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HQ 115754

August 19, 2002

BOR-4-07-R:IT:C 115754 GEV


P. Michael Lawrentz
President and Managing Director
Lawgix International, Inc.
824B U.S. Highway 42 N
Ashland, Ohio 44805

RE: Instruments of International Traffic; Flexible Intermediate Bulk Containers; Subheading 9803.00.50, HTSUSA; 19 U.S.C. § 1322

Dear Mr. Lawrentz:

This is in response to your letter dated July 10, 2002, requesting a ruling that certain Flexible Intermediate Bulk Containers (FIBCs) are duty-free under subheading 9803.00.50, HTSUSA. Our ruling is set forth below.


Lawgix International, Inc., (“Lawgix”) will purchase FIBCs from Sanjut, a company located in Istanbul, Turkey, and store them in/near Ashland, Ohio. The FIBCs will be used continuously for the transportation of edible beans from the U.S. and Canada to the U.K.

Upon direction of the canner(s) in the U.K., Lawgix will ship a specified number of these FIBCs to a shipper/processor in the Michigan, Wisconsin, or the Ontario or Manitoba, Canada regions where the FIBCs will be filled with edible beans and exported to the U.K. Upon receipt of shipment, the FIBCs will be emptied and then collected for shipment back to the U.S. entering through Cleveland, Ohio. Lawgix will then clean and inspect the FIBCs in order to ready them for reuse. These FIBCs will be distributed in like manner to the shipper/processors to be filled with beans to be exported to the U.K. again. High density polyethylene “Slip Trays” will also be used under each bag for reuse in like manner. The cycle will continue to repeat itself.

Included with your letter of July 10 is the following documentation: a list of canners in the U.K. (Exhibit A); a list of shippers/processors in Michigan, Wisconsin, and Canada (Exhibit B); specifications for four multi-use, 2-ton FIBCs (Exhibit C); a photograph of the FIBCs in question (Exhibit D); and a flow chart showing the recycling of these FIBCs for continued reuse (Exhibit E).

In regard to the specifications provided in Exhibit C, we note that among other things there will be four sizes of the FIBCs (43”x43”x80”, 42"x42"x82", 40”x40”x78”, and 38"x38"x82"), and all four models will be made of uncoated, woven, polypropylene, white opaque fabric sewn with polypropylene thread. Furthermore, all four models will have a safe working load of 4400 lbs. There will be approximately 18,000 FIBCs in use in any given year.


Whether the FIBCs described above may be designated as instruments of international traffic within the meaning of 19 U.S.C. § 1322(a) and § 10.41a, Customs Regulations (19 CFR § 10.41a), and therefore classifiable under subheading 9803.00.50, HTSUSA..


Title 19, United States Code, § 1322(a) (19 U.S.C. § 1322(a)), provides that "[v]ehicles and other instruments of international traffic, of any class specified by the Secretary of the Treasury, shall be excepted from the application of the customs laws to such extent and subject to such terms and conditions as may be prescribed in regulations or instructions of the Secretary of the Treasury."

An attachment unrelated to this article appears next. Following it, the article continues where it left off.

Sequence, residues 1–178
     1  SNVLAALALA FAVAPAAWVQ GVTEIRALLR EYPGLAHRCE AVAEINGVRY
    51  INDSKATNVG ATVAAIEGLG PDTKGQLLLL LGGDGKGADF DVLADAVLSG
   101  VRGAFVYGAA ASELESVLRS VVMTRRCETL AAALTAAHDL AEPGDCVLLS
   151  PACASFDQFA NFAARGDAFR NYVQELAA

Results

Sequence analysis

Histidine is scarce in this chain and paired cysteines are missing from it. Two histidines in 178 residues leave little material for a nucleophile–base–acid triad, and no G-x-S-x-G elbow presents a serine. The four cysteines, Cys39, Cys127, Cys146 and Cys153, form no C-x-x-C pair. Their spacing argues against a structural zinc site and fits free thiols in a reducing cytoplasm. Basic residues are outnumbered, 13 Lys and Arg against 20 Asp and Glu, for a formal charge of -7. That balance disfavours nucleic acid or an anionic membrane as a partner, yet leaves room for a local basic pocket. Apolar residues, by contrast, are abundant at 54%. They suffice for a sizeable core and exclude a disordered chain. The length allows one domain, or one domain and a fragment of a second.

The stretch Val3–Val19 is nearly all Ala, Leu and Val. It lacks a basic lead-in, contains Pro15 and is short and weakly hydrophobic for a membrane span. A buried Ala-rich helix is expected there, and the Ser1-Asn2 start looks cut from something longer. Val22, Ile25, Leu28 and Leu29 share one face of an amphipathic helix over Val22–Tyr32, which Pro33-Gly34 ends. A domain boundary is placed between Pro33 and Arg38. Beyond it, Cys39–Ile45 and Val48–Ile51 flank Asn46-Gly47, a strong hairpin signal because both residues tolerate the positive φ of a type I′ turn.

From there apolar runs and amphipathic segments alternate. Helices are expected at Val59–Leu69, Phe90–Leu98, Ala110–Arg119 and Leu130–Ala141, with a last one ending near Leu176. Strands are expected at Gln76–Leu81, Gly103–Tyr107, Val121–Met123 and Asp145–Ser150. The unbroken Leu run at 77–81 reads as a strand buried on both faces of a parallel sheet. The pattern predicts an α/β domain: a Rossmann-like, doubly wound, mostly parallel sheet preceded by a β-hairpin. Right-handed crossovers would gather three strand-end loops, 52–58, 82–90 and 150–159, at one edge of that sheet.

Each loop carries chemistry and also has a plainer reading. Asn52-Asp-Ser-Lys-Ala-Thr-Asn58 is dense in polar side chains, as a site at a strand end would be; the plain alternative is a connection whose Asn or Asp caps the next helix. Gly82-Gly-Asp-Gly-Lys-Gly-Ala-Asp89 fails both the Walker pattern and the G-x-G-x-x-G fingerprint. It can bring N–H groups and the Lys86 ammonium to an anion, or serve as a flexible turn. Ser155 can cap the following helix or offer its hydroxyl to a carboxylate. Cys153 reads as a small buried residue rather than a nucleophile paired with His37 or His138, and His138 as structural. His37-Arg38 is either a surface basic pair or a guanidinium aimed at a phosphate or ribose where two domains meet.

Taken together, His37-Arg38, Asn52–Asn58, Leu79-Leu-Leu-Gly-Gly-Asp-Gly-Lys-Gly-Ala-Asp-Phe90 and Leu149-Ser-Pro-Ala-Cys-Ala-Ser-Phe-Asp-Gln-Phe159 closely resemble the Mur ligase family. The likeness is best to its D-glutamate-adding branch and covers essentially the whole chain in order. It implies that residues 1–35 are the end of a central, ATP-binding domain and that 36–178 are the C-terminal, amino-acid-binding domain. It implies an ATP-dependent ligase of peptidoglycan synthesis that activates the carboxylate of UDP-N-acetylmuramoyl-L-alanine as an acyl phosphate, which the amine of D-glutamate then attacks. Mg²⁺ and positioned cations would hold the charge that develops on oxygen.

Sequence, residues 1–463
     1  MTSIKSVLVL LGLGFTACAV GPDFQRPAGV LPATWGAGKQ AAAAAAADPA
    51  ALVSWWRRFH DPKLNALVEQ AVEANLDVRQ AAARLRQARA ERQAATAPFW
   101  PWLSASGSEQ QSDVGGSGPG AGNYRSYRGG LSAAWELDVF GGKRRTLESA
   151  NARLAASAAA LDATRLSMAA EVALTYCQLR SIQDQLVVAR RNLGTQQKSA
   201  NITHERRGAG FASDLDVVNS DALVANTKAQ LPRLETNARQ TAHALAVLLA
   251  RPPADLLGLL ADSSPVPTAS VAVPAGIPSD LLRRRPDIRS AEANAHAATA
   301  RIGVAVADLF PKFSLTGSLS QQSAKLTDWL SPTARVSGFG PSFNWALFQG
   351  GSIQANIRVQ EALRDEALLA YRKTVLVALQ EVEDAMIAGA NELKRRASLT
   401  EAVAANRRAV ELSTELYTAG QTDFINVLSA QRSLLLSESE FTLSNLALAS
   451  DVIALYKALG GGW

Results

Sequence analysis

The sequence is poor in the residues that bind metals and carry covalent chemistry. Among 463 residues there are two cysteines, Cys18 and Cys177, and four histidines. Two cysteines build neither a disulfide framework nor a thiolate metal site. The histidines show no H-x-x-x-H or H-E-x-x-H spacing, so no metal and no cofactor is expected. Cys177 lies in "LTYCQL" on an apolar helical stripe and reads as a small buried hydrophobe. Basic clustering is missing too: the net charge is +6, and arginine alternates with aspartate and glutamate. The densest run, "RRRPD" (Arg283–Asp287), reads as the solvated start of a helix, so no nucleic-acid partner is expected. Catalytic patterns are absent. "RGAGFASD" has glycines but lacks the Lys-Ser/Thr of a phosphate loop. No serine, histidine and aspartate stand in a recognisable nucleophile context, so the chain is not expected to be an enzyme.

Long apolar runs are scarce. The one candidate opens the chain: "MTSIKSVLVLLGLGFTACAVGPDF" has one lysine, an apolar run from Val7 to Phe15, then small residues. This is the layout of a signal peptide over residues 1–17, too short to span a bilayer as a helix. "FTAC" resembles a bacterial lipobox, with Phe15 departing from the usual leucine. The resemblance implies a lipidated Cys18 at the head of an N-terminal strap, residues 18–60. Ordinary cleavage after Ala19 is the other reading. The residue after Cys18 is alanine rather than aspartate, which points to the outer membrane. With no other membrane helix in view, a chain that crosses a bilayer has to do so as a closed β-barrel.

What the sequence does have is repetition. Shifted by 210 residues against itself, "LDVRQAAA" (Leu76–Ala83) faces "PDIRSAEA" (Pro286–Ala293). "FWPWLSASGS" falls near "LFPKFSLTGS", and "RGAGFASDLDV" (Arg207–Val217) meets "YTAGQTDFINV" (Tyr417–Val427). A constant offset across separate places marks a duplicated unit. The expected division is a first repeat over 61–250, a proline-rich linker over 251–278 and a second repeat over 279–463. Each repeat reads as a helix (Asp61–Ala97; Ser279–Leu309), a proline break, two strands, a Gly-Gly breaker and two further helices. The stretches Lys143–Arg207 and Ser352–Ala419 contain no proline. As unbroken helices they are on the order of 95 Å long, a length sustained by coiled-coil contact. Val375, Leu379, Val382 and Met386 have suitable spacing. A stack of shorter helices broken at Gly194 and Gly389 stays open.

The Customs Regulations issued under the authority of § 322(a) are contained in section 10.41a (19 CFR § 10.41a). Section 10.41a(a)(1) specifically designates lift vans, cargo vans, shipping tanks, skids, pallets, caul boards, and cores for textile fabrics as instruments of international traffic.

Section 10.41a(a)(1) also authorizes the Commissioner of Customs to designate other items as instruments of international traffic in decisions to be published in the weekly Customs Bulletin. Once designated as instruments of international traffic, these items may be released without entry or the payment of duty, subject to the provisions of § 10.41a.

To qualify as an "instrument of international traffic" within the meaning of 19 U.S.C. § 1322(a) and the regulation promulgated pursuant thereto (19 CFR § 10.41a et seq.), an article must be used as a container or holder. The article must be substantial, suitable for and capable of repeated use, and used in significant numbers in international traffic. (See subheading 9803.00.50, Harmonized Tariff Schedule of the United States Annotated (HTSUSA), and former Headnote 6(b)(ii), Tariff Schedules of the United States (HTSUS), as well as Headquarters Decisions 104766; 108084; 108658; 109665; and 109702).

The concept of reuse contemplated above is for commercial shipping or transportation purposes, and not incidental or fugitive uses. Tariff Classification Study, Sixth Supplemental Report (May 23, 1963) at 99. See Holly Stores, Inc. v. United States, 697 F.2d 1387 (Federal Circuit, 1982). Customs rulings on this matter have held that single use is not sufficient; reuse means more than twice (Headquarter rulings 105567 and 108658).

Upon reviewing your request and supporting documentation, we are of the opinion that the requisite criteria for designation of the subject FIBCs as instruments of international traffic have been met. In addition, Customs has previously ruled that certain articles of a similar use and construction as those FIBCs currently under consideration qualify as instruments of international traffic pursuant to 19 U.S.C. § 1322(a) and §10.41a, Customs Regulations (see Customs ruling letter 113531, dated August 31, 1995).


The FIBCs described above are designated as instruments of international traffic within the meaning of 19 U.S.C. § 1322(a) and § 10.41a, Customs Regulations (19 CFR §10.41a), and are therefore classifiable under subheading 9803.00.50, HTSUSA.


Jeremy Baskin

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